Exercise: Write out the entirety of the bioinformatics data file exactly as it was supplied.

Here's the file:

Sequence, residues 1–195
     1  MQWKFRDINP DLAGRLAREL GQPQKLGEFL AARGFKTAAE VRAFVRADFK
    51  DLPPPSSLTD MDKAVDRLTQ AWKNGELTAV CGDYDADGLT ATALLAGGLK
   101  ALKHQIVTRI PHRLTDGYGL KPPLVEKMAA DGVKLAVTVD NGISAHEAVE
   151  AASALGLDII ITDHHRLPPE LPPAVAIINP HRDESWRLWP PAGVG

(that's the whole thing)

Sequence, residues 1–195
     1  MQWKFRDINP DLAGRLAREL GQPQKLGEFL AARGFKTAAE VRAFVRADFK
    51  DLPPPSSLTD MDKAVDRLTQ AWKNGELTAV CGDYDADGLT ATALLAGGLK
   101  ALKHQIVTRI PHRLTDGYGL KPPLVEKMAA DGVKLAVTVD NGISAHEAVE
   151  AASALGLDII ITDHHRLPPE LPPAVAIINP HRDESWRLWP PAGVG